Friday, March 6, 2009

#7: Bula vinaka!

Post by Dr. Steve Webster of the Monterey Bay Aquarium

I've decided the crepuscular dive (just before darkness envelopes the reef) is my favorite. Our vision adjusts to the dimming light, our cameras take some of their most dramatic photos and videos, and the denizens of the reef are frantic in their attempts to score a before-bed snack, or are already snuggling into their protective cracks and crevices for the night. The jacks are tearing though the schools of Anthias. The Anthias are dashing in unison for the protective cover of the reef corals, and the groupers, lurking there with keen eye and open mouth, are doing just fine on Anthias snacks.

Stonefish do their rock-mimic act with elegant precision, and their unsuspecting prey are all but unaware of their presence. Divers with lights (a.k.a torches) are better equipped to pick them out. Thankfully! Contact with a stonefish would be a memorable event. Perhaps one's last memorable event.

It is the divers' lights that also illuminate the pygmy seahorses, a half-inch tall and tail-hooked to a feathery hydroid colony. They are saved by their tiny size (for a fish), stingy use of swimming as a sensible thing to do, and (perhaps) by the stings and venoms of the hydroids to which they anchor themselves.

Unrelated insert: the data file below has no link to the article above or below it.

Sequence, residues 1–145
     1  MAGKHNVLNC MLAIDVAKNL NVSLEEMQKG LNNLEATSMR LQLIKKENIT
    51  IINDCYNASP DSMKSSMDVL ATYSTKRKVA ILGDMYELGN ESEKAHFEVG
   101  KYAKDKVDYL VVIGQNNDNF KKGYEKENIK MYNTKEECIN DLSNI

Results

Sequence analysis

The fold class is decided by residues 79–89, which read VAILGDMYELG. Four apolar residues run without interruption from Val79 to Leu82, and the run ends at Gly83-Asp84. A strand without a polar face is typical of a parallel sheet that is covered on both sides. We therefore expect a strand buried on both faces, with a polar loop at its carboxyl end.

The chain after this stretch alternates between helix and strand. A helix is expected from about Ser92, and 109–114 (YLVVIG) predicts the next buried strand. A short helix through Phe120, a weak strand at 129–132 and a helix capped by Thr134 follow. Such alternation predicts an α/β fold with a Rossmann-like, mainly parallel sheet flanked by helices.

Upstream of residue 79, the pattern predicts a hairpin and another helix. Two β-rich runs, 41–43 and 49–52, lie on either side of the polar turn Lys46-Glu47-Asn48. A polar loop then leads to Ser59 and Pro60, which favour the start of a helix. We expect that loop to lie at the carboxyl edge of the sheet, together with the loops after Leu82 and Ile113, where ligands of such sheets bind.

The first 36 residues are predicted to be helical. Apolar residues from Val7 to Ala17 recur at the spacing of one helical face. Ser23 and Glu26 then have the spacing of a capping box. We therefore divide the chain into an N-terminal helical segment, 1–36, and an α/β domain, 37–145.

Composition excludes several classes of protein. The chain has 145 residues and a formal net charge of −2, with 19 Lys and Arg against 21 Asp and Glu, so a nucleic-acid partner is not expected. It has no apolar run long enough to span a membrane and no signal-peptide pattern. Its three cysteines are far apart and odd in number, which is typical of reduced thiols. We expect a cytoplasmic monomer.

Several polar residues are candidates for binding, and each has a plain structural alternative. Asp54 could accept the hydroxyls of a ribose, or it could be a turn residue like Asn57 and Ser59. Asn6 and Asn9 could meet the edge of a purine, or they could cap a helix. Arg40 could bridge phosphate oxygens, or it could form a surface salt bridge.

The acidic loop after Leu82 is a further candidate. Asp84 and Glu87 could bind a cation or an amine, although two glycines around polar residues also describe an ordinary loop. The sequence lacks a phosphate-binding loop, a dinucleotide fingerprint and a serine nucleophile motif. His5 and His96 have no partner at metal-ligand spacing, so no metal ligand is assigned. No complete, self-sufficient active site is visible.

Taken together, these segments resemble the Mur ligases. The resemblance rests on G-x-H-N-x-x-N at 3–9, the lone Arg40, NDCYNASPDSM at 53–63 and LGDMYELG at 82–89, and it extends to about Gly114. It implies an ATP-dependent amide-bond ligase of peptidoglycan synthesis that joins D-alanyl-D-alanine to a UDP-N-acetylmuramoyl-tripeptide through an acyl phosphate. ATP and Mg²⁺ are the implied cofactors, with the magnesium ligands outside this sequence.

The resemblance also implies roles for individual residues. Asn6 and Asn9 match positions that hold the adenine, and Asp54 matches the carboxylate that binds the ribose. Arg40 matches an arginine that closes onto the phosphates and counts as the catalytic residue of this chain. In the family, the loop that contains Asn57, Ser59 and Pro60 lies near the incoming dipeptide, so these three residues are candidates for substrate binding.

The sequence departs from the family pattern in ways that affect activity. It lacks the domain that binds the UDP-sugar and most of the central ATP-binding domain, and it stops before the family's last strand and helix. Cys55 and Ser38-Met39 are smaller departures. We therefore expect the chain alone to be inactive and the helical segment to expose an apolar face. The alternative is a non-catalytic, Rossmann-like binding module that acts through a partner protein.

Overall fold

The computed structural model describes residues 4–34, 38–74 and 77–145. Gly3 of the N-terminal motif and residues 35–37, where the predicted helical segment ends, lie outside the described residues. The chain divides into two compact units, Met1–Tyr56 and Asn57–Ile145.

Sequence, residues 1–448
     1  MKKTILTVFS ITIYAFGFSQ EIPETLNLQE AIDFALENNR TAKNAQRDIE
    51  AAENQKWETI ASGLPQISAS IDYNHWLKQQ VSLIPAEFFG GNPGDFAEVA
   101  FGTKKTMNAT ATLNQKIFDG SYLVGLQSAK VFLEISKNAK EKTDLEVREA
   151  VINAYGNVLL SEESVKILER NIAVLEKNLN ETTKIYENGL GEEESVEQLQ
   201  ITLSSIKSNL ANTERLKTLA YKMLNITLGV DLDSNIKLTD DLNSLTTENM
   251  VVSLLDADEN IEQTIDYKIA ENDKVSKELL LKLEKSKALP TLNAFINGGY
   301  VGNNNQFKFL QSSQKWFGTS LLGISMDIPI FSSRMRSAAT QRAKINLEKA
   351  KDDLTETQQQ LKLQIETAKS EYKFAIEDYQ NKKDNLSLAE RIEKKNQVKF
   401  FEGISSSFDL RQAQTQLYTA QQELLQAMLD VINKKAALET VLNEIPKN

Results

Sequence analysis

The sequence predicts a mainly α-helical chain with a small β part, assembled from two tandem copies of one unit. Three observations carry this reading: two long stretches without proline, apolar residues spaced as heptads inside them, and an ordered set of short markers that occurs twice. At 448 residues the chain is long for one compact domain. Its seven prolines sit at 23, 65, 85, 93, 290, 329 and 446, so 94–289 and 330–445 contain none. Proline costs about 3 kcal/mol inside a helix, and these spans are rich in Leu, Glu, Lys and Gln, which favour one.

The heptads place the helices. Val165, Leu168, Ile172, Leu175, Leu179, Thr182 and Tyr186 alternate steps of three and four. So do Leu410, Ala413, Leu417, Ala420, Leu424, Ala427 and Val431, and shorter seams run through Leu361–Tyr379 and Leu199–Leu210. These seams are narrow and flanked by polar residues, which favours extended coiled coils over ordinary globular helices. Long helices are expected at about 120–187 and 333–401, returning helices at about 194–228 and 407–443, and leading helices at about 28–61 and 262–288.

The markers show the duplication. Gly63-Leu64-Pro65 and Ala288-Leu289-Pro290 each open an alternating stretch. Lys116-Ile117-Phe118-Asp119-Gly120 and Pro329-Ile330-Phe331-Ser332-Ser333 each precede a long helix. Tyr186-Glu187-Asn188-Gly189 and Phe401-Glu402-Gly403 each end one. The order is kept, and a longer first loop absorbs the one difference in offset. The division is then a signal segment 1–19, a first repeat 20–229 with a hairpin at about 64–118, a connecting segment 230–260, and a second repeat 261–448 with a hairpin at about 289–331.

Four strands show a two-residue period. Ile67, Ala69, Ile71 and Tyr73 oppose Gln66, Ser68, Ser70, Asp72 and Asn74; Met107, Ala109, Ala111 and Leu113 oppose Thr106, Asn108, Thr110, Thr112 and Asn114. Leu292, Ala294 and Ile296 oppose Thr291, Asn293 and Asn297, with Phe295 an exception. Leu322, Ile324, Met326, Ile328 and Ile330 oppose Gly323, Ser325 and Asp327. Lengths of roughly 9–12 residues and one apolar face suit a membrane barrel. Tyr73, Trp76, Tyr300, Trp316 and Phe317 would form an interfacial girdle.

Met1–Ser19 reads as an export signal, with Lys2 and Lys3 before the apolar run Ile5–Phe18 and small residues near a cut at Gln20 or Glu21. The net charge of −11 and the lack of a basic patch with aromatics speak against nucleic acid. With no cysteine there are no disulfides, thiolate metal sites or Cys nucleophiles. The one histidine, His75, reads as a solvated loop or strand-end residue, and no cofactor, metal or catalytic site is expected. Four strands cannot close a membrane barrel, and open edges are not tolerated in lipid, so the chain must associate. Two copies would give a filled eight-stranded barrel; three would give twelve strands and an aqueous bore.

Just over the edge of the reefs, looking upward from about thirty feet deep, the corals at the edge of the wall are silhouetted against the last light of day, providing some of the best photo ops of the day. Heading back to the skiff, I look back to see the several points of light – my companions still squeezing the last great find in their torchlight before batteries and SCUBA tanks are drained of their contents. The ride back to the Nai’a is a happy recounting of all the firsts and bests of the dive, bathed in the last rays of a gorgeous sunset.

As we approach the sparkling lights of the mother ships, loud cries of "bula!" ring out from the Fijian crew, welcoming us back to their floating "village." And the fifth great meal of the day.
And tomorrow we'll just have to do it all over again. Hot, wet work, but somebody has to do it!

- Steve Webster

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